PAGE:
Ashley C. Smith arrived at the “Public Convening on Ethical Redevelopment,” sponsored by UChicago’s Place Lab, looking for arts ideas and inspiration to bring back to her hometown of Lexington, Ky.
What she found were artists, academics, community activists and even one self-professed ARTivist. They gathered June 22 in the Performance Hall at the Reva and David Logan Center for the Arts for a theatrical event focused on nine principles of ethical redevelopment and their potential for rebuilding neglected communities.
The day’s performers and speakers were working toward a common goal of equitable neighborhood development that includes local voices in the process.
“I’m trying to grow a network, and I’m interested in the exchange of ideas, of hope and of purpose,” said Smith, development coordinator for The Lyric Theatre, which serves as an arts center and community gathering place. “I ask myself: ‘How am I getting my hands dirty in the rebuilding?’”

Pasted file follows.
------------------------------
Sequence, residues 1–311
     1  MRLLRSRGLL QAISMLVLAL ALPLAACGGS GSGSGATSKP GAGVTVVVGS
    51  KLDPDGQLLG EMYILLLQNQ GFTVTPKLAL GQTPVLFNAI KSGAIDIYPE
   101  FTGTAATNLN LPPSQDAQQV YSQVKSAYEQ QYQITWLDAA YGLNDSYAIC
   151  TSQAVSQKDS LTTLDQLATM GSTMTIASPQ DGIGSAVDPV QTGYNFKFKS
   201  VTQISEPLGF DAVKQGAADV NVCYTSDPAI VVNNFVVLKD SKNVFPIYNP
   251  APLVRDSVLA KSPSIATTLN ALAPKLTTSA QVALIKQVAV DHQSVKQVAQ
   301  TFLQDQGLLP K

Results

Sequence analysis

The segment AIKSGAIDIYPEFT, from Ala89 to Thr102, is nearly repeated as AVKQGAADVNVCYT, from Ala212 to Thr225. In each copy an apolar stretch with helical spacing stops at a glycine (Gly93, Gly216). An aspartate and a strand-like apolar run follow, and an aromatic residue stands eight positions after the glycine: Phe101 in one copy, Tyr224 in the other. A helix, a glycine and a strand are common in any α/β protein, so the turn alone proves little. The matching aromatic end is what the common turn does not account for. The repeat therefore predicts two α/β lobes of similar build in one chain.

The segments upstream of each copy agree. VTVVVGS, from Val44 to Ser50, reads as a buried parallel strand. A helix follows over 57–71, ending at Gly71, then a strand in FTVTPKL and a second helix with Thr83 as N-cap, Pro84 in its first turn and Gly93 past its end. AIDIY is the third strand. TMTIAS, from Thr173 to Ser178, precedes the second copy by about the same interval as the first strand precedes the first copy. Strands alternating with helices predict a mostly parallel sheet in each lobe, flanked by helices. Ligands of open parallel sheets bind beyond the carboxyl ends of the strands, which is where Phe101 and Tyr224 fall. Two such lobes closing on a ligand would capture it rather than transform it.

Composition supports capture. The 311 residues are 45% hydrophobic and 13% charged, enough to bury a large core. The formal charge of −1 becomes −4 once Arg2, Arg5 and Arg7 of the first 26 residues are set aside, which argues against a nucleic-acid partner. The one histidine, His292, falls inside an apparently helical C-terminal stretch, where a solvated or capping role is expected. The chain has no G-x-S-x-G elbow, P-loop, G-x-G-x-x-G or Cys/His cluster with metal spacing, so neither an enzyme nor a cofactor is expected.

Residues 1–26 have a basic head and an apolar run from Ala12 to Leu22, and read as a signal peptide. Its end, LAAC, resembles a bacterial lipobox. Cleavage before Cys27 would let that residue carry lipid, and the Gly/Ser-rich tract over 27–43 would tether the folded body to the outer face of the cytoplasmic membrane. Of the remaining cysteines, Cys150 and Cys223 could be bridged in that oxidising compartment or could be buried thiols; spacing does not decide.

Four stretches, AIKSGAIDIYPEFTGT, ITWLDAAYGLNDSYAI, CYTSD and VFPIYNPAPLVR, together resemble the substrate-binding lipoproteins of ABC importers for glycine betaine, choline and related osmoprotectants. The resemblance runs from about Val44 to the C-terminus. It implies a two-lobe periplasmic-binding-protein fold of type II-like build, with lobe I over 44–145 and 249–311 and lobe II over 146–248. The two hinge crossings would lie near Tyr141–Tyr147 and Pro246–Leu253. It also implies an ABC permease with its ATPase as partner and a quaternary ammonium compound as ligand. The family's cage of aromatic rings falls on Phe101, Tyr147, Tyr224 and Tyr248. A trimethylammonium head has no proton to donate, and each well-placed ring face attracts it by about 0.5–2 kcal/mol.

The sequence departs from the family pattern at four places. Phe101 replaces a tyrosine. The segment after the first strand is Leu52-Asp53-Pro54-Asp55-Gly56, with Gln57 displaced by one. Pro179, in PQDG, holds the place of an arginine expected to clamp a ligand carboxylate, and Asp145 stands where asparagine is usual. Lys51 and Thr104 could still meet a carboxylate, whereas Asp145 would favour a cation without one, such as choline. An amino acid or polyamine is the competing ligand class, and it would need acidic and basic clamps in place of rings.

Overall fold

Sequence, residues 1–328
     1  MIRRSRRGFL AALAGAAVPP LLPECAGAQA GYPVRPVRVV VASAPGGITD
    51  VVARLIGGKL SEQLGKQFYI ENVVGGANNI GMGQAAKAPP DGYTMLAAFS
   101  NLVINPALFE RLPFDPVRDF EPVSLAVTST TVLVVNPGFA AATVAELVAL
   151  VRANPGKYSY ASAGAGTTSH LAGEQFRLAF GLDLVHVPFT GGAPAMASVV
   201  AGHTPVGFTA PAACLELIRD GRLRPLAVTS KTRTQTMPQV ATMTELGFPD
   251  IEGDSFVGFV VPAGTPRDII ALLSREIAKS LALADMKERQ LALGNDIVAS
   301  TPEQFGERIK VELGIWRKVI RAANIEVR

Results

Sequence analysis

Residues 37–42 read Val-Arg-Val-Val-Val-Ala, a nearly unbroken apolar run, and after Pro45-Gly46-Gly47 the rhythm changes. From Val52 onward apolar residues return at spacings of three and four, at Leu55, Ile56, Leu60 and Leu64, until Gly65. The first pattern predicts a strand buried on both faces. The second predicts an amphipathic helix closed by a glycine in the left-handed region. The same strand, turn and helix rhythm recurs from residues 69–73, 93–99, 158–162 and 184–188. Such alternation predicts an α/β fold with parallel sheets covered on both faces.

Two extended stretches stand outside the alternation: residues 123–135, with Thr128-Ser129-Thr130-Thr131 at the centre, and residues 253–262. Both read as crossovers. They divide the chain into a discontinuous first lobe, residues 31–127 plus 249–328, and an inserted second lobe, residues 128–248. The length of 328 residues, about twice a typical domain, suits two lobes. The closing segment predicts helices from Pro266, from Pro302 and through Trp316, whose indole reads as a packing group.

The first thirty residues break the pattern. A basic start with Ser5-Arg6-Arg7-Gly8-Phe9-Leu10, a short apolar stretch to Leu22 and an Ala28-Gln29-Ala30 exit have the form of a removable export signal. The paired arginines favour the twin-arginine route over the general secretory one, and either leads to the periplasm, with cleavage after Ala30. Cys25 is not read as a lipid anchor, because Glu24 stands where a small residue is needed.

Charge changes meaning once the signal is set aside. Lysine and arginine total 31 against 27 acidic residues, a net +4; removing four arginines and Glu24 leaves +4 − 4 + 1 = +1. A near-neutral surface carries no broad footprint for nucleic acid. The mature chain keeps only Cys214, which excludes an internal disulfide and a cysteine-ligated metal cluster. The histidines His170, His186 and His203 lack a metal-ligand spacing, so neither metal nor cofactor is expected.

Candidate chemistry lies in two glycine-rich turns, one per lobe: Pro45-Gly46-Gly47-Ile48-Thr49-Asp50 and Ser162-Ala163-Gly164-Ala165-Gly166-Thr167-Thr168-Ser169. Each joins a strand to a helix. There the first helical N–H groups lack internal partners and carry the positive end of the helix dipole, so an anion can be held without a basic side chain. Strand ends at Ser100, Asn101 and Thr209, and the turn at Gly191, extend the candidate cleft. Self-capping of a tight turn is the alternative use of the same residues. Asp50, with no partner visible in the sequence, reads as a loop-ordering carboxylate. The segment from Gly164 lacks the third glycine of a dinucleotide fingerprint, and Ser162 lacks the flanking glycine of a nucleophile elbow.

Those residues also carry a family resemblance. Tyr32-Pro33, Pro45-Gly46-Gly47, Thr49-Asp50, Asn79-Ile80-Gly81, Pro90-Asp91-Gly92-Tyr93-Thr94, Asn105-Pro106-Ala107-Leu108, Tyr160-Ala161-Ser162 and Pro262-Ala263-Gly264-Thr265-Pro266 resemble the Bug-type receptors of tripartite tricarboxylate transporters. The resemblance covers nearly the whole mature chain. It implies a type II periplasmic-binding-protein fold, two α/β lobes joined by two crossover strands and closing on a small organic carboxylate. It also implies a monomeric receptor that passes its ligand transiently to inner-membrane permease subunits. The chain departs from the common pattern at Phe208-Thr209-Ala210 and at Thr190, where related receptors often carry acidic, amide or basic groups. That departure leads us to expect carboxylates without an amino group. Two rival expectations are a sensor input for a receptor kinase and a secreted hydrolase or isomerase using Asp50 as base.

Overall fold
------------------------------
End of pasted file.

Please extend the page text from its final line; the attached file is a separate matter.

Organized by the Place Lab, a partnership between the UChicago Arts initiative Arts + Public Life, and the Harris School of Public Policy, the aim of the ethical redevelopment public convening was to spark conversations in cities across the country.
Place Lab, led by Theaster Gates, professor of Visual Arts and the College, and director of Arts + Public Life, has been focused on arts- and culture-led transformation in forgotten neighborhoods. He said the nine principles created by the Place Lab and urban practitioners in various fields are just a beginning.
Place Lab’s working definition of ethical redevelopment is the shifting value system from conventional financial and development practices to conscientious interventions in the urban context. The nine principles include: repurpose and re-propose; engaged participation; pedagogical moments; the indeterminate; design; place over time; stack, leverage and access; constellations; and platforms.